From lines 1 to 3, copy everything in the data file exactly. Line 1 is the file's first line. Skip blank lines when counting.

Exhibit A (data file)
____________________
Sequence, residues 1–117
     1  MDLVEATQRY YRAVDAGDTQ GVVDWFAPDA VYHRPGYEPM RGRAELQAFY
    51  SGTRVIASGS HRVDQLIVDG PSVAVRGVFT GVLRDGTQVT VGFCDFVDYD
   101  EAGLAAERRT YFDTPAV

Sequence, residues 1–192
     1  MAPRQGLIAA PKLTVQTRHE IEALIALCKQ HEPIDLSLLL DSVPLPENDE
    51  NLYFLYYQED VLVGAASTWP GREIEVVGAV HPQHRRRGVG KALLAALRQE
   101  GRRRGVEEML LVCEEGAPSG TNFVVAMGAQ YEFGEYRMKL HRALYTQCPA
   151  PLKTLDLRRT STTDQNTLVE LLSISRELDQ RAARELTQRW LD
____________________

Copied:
Sequence, residues 1–117
     1  MDLVEATQRY YRAVDAGDTQ GVVDWFAPDA VYHRPGYEPM RGRAELQAFY
    51  SGTRVIASGS HRVDQLIVDG PSVAVRGVFT GVLRDGTQVT VGFCDFVDYD